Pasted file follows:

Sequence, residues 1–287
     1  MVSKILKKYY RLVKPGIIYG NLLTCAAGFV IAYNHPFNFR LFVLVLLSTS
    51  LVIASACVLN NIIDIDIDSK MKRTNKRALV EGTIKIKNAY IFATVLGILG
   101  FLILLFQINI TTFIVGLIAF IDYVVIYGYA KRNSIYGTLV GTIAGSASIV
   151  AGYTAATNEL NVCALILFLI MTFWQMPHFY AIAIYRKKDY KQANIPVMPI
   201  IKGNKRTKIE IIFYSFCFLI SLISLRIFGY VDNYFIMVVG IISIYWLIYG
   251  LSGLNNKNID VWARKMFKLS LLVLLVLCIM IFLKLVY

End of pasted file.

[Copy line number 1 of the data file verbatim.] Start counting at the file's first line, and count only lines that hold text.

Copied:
Sequence, residues 1–287